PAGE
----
Ruby's Story, First Prize winner of the 2003 New Works of Merit Playwriting Contest, is a tale of the consequences of war for the heartland families left behind during World War II. The plot centered on a less-told piece of history regarding Nazism in America. Narrated by the eponymous Adult Ruby (Catherine Hennessey), the play took a sentimental journey through 1944 as experienced by Young Ruby (Mary Anne Sayre), the daughter of taciturn, second-generation German-American farmer Walter (Edward Bertgold) and his salt-of-the-earth wife, Grace (Amy Bizjak). Reading from a large scrapbook, Adult Ruby described the tribulations of this woman-dominated house, where she and her three older sisters -- Frieda (Elizabeth Ulmer), Rose (Hella Bel), and Helga (Kelly Barrett) -- came of age. Helga's never-seen husband, Jimmy, was wounded in the war, but Rose and Frieda choose roads less taken in their relationships -- Stan, a Polish-American, and Sid, a Jewish-American (both played by James Nocito). Various misunderstandings between the daughters and their father propel the action of the play. Fear of abandonment colors everything, and the audience learn less about Ruby than about her family.
In addition to the historical shadow of the events of June 1944, there was also the specter of Walter's suspicious politics and their possible consequences. For some reason, although all of the farmers were said to be members of the German-American Bund, Walter was singled out by his peers and his family for harsh resentment.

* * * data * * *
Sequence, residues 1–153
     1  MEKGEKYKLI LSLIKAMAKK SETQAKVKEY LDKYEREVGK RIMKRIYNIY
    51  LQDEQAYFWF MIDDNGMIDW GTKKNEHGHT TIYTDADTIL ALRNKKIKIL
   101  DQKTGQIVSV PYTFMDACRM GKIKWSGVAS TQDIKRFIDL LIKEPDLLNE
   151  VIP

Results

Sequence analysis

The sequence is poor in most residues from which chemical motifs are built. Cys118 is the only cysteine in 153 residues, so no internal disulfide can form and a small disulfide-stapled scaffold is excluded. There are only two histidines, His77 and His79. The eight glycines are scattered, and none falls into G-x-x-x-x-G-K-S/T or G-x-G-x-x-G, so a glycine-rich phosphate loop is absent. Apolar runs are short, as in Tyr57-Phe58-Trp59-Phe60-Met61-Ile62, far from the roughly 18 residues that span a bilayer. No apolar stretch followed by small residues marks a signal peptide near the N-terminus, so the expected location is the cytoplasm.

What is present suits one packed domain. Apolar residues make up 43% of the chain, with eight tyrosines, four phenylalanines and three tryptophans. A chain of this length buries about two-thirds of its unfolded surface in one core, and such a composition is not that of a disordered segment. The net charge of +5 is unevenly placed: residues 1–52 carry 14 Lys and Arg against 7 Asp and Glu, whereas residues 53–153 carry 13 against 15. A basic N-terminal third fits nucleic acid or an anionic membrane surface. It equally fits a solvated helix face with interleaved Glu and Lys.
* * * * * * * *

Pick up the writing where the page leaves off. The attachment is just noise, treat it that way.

This subjective, sometimes spooky story of family secrets was assembled effectively on the black-box stage of the 13th Street Repertory Company through a simple set (Heidi Rhodes) dominated by the image of a huge radio drawn in chalk and surrounded by chalked news items of the period. Simple furnishings and slate drawings of apple trees completed the occasionally claustrophobic world of the farmhouse, connected to the outside world through the center aisle of the theatre. Lighting design (Catherine Taylor) and costume design (Kurt Kielmann) were minimal. The details of this production were contained in the relationships and Osborne's exploration of their ambiguities. Troy Miller's direction was occasionally compelling, and certain devices, such as using the daughters' own voices to provide the radio music that fueled their sentiments; the chilling performance by Hella Bel regarding Rose's worst fears; and Elizabeth Ulmer's compelling and spirited presentation of Frieda's attraction to the world beyond the farm contributed great poignance.
The play narrated only filtered memories of Ruby's youth. As she explained, "If one remembers what one wants to remember, I'll remember the before" -- a time of parents dancing and youthful laughter. Ruby grew up in the shadow of a large radio that brought news of the world to the farm. Instead of becoming a broadcast journalist, she turned to a career in elementary-school teaching, supplanting her political curiosity with nostalgia. Ron Osborne's script was faithful to those feelings.
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Copyright 2004 Deborah S. Greenhut